The first thing to understand is that land is not like other forms of capital in the economy: it has unique qualities which have to be understood. Land is finite – there is a limited supply of it – and it is permanent – it does not depreciate.

This means it is a uniquely desirable type of capital; as long as populations continue to rise it is likely to rise in value too. As Mark Twain said over a century ago, “buy land, they aren’t making it anymore”.

Land therefore plays a very different role in market economies to capital: whereas Apple will produce more iPhone’s to meet demand, more land cannot be produced to meet housing demand.

This gives land and property owners special power in the economy: their monopolisation of the fixed supply of land can mean they extract the surplus value produced by growth in the economy through charging rent on use of their land.

Sigh, this is just Ricardo on rent. Everything just ends up as land rent in the end. Something which we now know to be empirically wrong. Because we do make more land, by trading with it. The steamship, the railway and the opening up of the prairies and steppes did more to destroy the great aristocratic fortunes than anything else, certainly more than any tax or government intervention. It’s even in the Saez and Zucman work on the subject.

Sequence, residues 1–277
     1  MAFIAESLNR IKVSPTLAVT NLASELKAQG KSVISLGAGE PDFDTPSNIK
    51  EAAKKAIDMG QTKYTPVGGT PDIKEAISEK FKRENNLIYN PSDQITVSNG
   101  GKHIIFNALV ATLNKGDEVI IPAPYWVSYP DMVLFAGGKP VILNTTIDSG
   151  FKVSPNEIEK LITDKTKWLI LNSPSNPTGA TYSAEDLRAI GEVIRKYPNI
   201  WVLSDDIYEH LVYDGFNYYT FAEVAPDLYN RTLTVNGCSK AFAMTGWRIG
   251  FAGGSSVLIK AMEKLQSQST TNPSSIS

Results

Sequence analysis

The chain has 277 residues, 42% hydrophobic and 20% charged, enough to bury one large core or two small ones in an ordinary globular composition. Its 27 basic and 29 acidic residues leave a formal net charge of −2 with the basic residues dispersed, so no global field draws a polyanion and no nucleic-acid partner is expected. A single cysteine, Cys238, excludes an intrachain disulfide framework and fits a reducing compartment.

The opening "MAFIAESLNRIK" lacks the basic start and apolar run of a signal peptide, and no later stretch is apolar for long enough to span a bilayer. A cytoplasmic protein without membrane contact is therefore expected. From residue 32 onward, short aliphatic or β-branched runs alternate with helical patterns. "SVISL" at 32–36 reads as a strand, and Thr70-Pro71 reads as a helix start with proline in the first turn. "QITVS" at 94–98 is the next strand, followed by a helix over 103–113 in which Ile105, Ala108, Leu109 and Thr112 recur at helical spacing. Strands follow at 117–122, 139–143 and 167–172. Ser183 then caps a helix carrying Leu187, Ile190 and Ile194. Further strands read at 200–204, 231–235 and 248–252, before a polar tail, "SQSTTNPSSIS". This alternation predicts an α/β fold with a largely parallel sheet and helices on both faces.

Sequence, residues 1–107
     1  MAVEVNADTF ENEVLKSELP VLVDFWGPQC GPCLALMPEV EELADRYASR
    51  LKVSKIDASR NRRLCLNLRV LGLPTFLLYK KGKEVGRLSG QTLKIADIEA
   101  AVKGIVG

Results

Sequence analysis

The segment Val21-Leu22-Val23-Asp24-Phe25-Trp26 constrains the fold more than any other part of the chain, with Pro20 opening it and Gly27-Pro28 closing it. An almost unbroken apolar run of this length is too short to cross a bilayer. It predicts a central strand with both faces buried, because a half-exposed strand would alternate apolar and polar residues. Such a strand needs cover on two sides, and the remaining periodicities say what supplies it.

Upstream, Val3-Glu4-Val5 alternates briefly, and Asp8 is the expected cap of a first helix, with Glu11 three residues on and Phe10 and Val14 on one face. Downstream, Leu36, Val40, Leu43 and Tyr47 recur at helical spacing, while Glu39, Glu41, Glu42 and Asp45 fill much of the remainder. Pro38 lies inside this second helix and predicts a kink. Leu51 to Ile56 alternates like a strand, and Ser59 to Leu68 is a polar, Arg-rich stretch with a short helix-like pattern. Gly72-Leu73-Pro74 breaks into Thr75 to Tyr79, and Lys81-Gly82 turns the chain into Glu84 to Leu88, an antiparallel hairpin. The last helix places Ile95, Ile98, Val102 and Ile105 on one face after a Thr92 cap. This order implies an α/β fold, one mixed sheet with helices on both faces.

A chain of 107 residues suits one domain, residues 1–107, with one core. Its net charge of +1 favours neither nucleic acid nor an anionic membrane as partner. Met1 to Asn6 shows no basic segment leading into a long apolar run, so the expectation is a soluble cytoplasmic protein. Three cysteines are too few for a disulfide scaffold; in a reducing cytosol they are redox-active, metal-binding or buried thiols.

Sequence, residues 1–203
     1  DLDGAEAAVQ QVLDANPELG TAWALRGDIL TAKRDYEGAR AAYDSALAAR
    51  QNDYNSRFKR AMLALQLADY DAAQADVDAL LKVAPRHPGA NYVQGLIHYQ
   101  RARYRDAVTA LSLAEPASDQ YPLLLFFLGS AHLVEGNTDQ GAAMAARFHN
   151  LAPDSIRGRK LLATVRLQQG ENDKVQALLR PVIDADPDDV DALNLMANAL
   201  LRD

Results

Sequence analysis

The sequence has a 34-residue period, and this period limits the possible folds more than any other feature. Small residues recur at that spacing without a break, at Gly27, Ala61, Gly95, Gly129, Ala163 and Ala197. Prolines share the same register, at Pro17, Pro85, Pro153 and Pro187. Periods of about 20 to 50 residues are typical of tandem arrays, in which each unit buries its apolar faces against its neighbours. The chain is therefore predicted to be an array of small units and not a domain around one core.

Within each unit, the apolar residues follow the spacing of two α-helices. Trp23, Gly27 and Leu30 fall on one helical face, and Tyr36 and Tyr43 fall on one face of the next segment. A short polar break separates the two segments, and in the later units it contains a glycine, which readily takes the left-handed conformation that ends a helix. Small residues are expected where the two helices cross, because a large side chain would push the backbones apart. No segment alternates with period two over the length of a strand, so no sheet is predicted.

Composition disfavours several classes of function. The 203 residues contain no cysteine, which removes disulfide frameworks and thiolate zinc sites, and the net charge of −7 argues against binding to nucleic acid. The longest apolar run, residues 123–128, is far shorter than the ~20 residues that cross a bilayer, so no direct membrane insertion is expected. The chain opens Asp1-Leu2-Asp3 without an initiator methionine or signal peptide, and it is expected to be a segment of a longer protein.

Remarkably, the unique role of land in the economy is ignored in mainstream economics:

Bollocks, it has been endlessly chewed over.

From the late 1970s and early 1980s to today, a great transformation has taken place in housing – land and property values have gone through the roof. The rise in property value has significantly outstripped rises in incomes and growth.

This has created a surge in wealth inequality between property owners and renters, and is the central finding of Thomas Piketty’s globally renowned book, Capital, which used historical data to show that asset price inflation now outstripped profit, making capital investment in the real economy a loser for any business man or woman compared to rentier exploitation.